Hi, I'm Kathryn, and welcome to my fiftieth year.

Follow me as I learn how to be fifty.

How to work with Gen Y

How to work with Gen Y

Last time I looked, I was one of the younger ones in my workplace. Now i seem to be  part of the blancmange of middle aged men and women.

I changed jobs late last year and went from a workplace where I was to used to being at the younger end of the age profile to a place where I am amongst the oldest on our entire floor. It’s an interesting change to notice. 

We’ve heard lots about the baby boomers retiring out of the workforce en masse. Us Gen Xers have been waiting patiently for the promised exodus of baby boomers from the workplace. For years we’ve heard the warning of the gaping hole of experience and commitment they would leave in their wake. 

I’ve worked with many fabulous older women over the past years and have had the privilege of guiding and supporting their transition to retirement which I’ve tried to do with humility and respect. Acknowledgement of all that they have brought to our workplaces and our lives is an important part of the transition. 

While waiting out that generational changeover I didn’t really see Gen Y slowly creeping up behind me. I am loving working with people in their late twenties and early thirties. Such a capable bunch with degrees coming out of their ears and a strong work ethic only matched by their ambition.  And they look soooo young. While they still have plenty to learn and lots more experience to gain, their energy and enthusiasm will certainly propel them forward in their careers. 

What I hope for this generation is that they don’t get so caught up in the work, work, work mantra that has destroyed many an Xer’s soul. I hope they ‘work to live’ and not the other way around. I hope the vision of flexible workplaces that foster and value innovation and creativity is realised by them and for them.  I hope they reimagine their work environments and opportunities for their future, not for my past.

At 49, I still have many work years ahead of me (shout out to our superannuation laws that will keep me working to at least 63!). I don’t feel threatened in the slightest by my younger colleagues, just thankful there are interesting and capable people to work with and to pass the baton to in the future.  

I’d never really pictured myself in the workplace mentor role for the next generation - I’ve been preoccupied making my own way up the slippery pole - but somehow I think that is where I am. It has given me the opportunity to reflect on my working life and all I have learned (and I get to swan around giving sage advice to whoever will listen - but that’s just a bonus!).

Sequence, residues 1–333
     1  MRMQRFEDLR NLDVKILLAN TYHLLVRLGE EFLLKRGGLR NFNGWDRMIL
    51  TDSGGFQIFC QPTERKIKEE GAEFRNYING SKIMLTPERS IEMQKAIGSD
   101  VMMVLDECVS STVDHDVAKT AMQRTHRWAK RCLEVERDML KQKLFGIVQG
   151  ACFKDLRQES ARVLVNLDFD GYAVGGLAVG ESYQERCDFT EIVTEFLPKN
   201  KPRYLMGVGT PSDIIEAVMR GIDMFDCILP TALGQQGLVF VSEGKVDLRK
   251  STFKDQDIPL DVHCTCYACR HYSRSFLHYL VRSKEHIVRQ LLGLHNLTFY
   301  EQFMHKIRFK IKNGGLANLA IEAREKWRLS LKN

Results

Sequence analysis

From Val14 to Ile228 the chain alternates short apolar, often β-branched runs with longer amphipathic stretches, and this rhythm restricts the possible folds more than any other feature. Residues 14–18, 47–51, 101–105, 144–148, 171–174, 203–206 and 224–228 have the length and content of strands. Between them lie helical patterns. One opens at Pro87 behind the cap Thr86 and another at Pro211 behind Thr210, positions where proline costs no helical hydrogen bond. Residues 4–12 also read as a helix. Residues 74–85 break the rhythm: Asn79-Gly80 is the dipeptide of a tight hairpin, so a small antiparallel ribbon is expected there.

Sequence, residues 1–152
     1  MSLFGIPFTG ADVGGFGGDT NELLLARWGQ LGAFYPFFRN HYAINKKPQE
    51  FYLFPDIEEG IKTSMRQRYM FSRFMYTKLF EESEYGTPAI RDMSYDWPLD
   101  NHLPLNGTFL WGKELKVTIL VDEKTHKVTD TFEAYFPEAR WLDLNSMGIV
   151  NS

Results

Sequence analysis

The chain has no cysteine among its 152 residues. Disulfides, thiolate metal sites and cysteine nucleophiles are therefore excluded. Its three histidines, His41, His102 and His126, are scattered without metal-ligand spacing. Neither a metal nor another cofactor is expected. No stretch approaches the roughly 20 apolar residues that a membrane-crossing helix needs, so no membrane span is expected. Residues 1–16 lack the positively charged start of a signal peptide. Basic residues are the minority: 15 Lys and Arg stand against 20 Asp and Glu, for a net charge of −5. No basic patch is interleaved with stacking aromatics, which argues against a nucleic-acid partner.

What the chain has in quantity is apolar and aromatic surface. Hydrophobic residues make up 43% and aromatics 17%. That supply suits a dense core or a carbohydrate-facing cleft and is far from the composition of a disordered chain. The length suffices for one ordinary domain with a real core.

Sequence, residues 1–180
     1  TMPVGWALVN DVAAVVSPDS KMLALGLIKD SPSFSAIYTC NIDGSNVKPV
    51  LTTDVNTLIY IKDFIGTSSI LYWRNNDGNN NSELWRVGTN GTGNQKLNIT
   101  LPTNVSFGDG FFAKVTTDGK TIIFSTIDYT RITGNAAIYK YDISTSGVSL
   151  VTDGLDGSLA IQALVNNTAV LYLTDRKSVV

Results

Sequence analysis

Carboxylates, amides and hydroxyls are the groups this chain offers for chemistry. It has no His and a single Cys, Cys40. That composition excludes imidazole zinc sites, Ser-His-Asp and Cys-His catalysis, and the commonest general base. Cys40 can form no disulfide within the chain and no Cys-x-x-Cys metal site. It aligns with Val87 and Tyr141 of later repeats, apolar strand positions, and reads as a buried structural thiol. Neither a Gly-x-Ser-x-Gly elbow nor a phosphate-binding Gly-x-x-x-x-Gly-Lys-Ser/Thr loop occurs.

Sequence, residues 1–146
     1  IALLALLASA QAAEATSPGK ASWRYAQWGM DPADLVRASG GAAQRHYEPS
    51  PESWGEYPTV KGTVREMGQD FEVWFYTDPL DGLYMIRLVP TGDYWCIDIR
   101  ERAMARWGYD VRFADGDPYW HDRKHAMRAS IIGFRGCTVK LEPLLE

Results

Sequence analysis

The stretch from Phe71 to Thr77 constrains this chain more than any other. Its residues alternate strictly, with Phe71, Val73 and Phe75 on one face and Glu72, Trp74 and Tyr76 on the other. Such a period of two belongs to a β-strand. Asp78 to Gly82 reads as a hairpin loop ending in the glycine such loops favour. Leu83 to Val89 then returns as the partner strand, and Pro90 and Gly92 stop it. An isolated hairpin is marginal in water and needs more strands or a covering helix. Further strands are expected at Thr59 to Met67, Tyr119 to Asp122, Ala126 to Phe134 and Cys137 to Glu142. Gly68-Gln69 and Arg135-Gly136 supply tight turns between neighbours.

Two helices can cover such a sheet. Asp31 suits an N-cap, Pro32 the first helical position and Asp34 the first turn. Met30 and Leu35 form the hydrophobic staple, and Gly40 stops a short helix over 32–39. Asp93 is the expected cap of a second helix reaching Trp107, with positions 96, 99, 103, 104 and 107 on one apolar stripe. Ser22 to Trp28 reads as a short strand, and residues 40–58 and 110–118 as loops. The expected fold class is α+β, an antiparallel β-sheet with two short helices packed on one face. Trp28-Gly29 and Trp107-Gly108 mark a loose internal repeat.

Here’s my advice (sage or otherwise) for Gen Y.

Work to live

I have spent the last decade working, working, working. I routinely work 60+ hours per week. I have at times, worn this as some kind of badge of honour. I realise now that I had stopped living a full life. I gave up activities I enjoyed because I didn’t have time. I didn’t see friends as much because I worked late or had to get up early. No-one, including your boss, is going to thank you for everything you gave up to get the job done, so work to live and not the other way around.

Work:life balance isn’t real

(See Work to Live) Much is made of this mythical idea of work:life balance. The term suggests it is possible, attainable and even desirable. Smart devices have enabled us to be available and connected 24/7. It’s more of a technology enabled work:life integration. This means we can roll with the extremes of a dynamic work environment and participate in family and social life. I would much prefer to invest an hour on aSaturday dealing with a work matter and know that I’ve saved my Monday from a terrible start. The real balancing act is in making sure it is give and take, not give and give. So don’t stockpile your leave - use it. Take up any flexibility provisions available to you. Stay home if you’re sick. Go to you kid’s school assembly. Work to live.

Go to the school assembly

(See Work:Life Balance Isn't Real) Don’t miss your child’s school assembly/kindy performance (insert every guilt ridden event you have ever missed here) for anything. Make it work, fit your work around it and go. While grandparents are wonderful and will go to everything they can, it is you your child will scan the crowd for. You will never get that time back or that chance again.

Know yourself

It takes a good dose of EQ to successfully negotiate workplaces and all the characters and personalities that inhabit them.  Knowing yourself and what you stand for is critical to ensuring a goodness of fit between you and the people you work with and for. You need to know your own bottom lines about what you expect of others and what they can expect of you. Never be afraid to call out crap behaviour and take responsibility for your own.

Back yourself

Smart, dynamic, energetic and high quality workers are few and far between. People who can deliver the goods within tight timelines, to a high standard and with a smile are worth their weight in gold - and your boss knows it! Own it and take it with you wherever you go.

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